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Filed under 1ST LOOK | KAG 2009 Essays, American Politics, American Progressive Politics, Black Politics, Civil Rights, Congressional Black Caucus, Economics, Human Rights, Obama Administration, Pan Africanism | Afrocentrism | Africana Studies, Political Ideology, racism, The Bush Administration, The Obama Administration, Third Party Politics, white supremacy

Rep. Donna Edwards | Why Obama Needs Tough Love

Rep. Donna Edwards, D-Md.

Rep. Donna Edwards, D-Md.

Representative Donna Edwards (Maryland) provides a look into the Congressional Progressive Caucus and urges progressives to speak up and challenge the Obama presidency to deliver innovative and powerful legislation. Edwards discussed the state of the presidency at the “Obama @ 100: A Progress Report from The Nation” forum April 22 in Washington, DC.

Edwards believes the president is taking the U.S.  in the wrong direction in Afghanistan. She argues that Obama has no plan for winning and no strategy for getting out.
Congress “failed” its responsibility to challenge George Bush ‘s policies in Iraq, Edwards said in an interview. “And we can’t make that mistake with President Obama.”  
 

Edwards Q & A   

Edwards (D-Md)

Edwards (D-Md)

Edwards discusses her background and the current political climate in Maryland, her home state, and on Capitol Hill.  [CSPAN December 10, 2008]

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Filed under American Politics, American Progressive Politics, Black Politics, Congressional Black Caucus, Feminist Leaders, Friends & Comrades, Obama Administration, The Obama Administration

Barbara Lee | On the 6th Anniversary of the Iraq War

Barbara Lee
Barbara Lee
(photo by Ayesha Walker)

US Congresswoman representing the 9th Congressional District of California (CA-09). [Oakland, Berkeley, Castro Valley, Emeryville, Ashland, Cherryland, Fairview, Piedmont, Albany, and parts of San Lorenzo and Hayward.]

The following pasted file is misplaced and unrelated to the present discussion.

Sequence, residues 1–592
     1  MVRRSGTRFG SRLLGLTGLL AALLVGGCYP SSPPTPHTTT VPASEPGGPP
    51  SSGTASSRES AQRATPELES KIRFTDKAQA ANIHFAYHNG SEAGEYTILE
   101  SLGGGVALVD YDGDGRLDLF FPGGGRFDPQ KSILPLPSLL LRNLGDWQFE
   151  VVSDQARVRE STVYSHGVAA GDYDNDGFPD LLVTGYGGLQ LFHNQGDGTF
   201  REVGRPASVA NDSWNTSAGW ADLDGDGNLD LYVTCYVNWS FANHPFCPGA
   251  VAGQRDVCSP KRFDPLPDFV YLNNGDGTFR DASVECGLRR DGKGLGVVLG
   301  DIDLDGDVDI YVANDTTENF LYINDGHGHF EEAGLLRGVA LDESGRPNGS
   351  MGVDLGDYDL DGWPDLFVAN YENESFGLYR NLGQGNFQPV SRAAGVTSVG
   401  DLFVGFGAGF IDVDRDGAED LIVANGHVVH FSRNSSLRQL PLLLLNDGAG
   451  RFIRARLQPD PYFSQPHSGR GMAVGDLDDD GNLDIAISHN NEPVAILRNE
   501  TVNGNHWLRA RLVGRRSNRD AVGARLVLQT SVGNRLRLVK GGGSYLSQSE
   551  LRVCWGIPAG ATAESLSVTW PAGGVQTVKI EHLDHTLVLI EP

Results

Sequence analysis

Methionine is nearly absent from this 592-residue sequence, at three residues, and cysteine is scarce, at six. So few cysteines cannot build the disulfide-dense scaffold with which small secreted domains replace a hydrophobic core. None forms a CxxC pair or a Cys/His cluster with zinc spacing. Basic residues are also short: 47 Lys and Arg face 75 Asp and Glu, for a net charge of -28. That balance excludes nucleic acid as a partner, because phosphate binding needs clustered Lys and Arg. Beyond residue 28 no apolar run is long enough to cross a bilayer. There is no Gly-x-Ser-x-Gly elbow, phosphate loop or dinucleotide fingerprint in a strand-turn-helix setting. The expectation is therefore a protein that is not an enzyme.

March 19, 2009 – Lee speaks on the floor of the US House of Representatives on the 6th Anniversary of the invasion and continuing occupation of Iraq.

http://www.commondreams.org/views01/0923-04.ht

Published on Sunday, September 23, 2001 in the San Francisco Chronicle
Why I Opposed the Resolution to Authorize Force
by Barbara Lee
ON SEPT. 11, terrorists attacked the United States in an unprecedented and brutal manner, killing thousands of innocent people, including the passengers and crews of four aircraft. Like everyone throughout our country, I am repulsed and angered by these attacks and believe all appropriate steps must be taken to bring the perpetrators to justice. We must prevent any future such attacks. That is the highest obligation of our federal, state and local governments. On this, we are united as a nation. Any nation, group or individual that fails to comprehend this or believes that we will tolerate such illegal and uncivilized attacks is grossly mistaken.

Last week, filled with grief and sorrow for those killed and injured and with anger at those who had done this, I confronted the solemn responsibility of voting to authorize the nation to go to war. Some believe this resolution was only symbolic, designed to show national resolve. But I could not ignore that it provided explicit authority, under the War Powers Resolution and the Constitution, to go to war.

It was a blank check to the president to attack anyone involved in the Sept. 11 events — anywhere, in any country, without regard to our nation’s long- term foreign policy, economic and national security interests, and without time limit. In granting these overly broad powers, the Congress failed its responsibility to understand the dimensions of its declaration. I could not support such a grant of war-making authority to the president; I believe it would put more innocent lives at risk.

The president has the constitutional authority to protect the nation from further attack and he has mobilized the armed forces to do just that. The Congress should have waited for the facts to be presented and then acted with fuller knowledge of the consequences of our action. Continue reading

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Filed under American Politics, Black Politics, Congressional Black Caucus, Peace